Mars Science Laboratory has scheduled the launch of the newest Martian rover, Curiosity, in late 2011. This will be NASA’s fourth voyage to Mars and the largest of any rover sent so far. Its goal is to determine if the planet has, or ever had, environmental conditions suitable for supporting microbial life.

Previous missions to Mars used a primitive landing strategy where the lightweight rovers were encased in airbags and haphazardly bounced off the surface of the planet a number of times before coming to a rest. In order to land the much larger Curiosity more safely and with greater precision, NASA’s scientists have come up with a novel guided entry system.

Did You Know?The first rover sent to Mars in 1997 was a bit bigger than a shoebox; Curiosity is about the size of a Mini Cooper.

The spacecraft consists of four major components: cruise stage, entry aeroshell (backshell plus heatshield),descent stage, and rover. The video shown below begins with the launch vehicle travelling between Earth and Mars.

After dumping the cruise stage, the craft will enter Mars’ atmosphere at an altitude of 125 kilometres and speed of 5800 metres per second. About four minutes later, the parachute deploys and the heatshield separates from the craft. Next, the backshell detaches from the descent stage, retrorockets are fired and the rover is lowered by nylon cords connected to a “sky crane” (or BUD). Once the rover touches down, the connecting cords are cut and the descent stage flies off to crash land out of harm’s way.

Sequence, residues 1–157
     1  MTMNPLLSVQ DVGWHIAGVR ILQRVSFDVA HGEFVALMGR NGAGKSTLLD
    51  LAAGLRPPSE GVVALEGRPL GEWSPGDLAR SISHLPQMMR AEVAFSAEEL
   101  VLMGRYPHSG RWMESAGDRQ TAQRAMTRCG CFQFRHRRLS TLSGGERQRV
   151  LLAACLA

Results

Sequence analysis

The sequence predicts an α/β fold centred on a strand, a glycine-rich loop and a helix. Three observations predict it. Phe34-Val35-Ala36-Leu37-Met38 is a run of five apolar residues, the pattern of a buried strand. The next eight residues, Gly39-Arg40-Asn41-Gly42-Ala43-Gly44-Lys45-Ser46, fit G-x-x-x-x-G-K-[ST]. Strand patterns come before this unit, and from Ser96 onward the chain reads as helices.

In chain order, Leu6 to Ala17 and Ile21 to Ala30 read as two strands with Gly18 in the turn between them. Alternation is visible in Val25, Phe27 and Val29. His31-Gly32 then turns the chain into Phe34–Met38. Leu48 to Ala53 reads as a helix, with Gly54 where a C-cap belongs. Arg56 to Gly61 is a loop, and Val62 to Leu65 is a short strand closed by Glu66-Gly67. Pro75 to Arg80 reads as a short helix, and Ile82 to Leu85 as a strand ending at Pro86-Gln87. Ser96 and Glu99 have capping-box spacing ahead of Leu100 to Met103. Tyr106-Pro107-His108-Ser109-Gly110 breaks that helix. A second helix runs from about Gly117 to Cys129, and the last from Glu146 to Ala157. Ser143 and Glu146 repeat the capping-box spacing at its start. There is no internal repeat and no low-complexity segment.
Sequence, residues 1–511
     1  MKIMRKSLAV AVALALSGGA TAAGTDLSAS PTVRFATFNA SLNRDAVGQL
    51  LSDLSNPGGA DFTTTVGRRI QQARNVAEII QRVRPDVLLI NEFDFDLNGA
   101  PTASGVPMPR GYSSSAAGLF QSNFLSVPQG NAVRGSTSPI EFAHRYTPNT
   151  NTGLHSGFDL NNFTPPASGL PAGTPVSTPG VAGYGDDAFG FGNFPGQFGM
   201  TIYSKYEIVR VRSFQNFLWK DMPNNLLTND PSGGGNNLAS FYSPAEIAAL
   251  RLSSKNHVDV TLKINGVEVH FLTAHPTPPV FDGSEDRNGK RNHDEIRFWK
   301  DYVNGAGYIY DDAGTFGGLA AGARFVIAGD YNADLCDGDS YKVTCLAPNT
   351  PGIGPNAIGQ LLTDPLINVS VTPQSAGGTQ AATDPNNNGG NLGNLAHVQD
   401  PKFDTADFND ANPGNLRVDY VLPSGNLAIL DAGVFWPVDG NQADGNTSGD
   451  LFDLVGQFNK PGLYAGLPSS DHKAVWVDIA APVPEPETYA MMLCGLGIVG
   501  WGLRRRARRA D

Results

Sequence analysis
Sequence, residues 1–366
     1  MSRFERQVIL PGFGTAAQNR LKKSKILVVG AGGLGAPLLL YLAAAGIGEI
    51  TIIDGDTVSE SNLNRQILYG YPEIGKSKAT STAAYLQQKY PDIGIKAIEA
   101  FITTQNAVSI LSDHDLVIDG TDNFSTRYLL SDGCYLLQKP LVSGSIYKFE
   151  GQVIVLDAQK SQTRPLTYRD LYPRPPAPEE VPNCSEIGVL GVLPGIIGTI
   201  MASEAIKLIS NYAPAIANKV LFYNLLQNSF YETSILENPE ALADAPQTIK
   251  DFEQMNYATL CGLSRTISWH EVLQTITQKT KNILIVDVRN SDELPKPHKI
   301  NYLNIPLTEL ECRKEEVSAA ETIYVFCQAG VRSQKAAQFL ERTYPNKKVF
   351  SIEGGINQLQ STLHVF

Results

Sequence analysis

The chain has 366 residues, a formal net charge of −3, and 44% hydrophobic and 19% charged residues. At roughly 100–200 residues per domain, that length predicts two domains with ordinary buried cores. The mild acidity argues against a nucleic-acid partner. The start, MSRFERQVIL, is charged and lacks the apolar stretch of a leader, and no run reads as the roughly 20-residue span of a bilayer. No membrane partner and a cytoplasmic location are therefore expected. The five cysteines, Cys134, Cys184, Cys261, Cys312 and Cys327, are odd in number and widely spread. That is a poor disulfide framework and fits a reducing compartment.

Check it out!

Article first published April 20, 2011

Stan Megraw

Stan is a writer/researcher, a PhD graduate of McGill University and was a member of the CurioCity team for several years. As a kid he dreamed of playing hockey in the NHL then becoming an astronaut with NASA. Instead, he ended up as an environmental research scientist. In his spare time Stan enjoys working on DIY projects, cooking and exploring his Irish roots.

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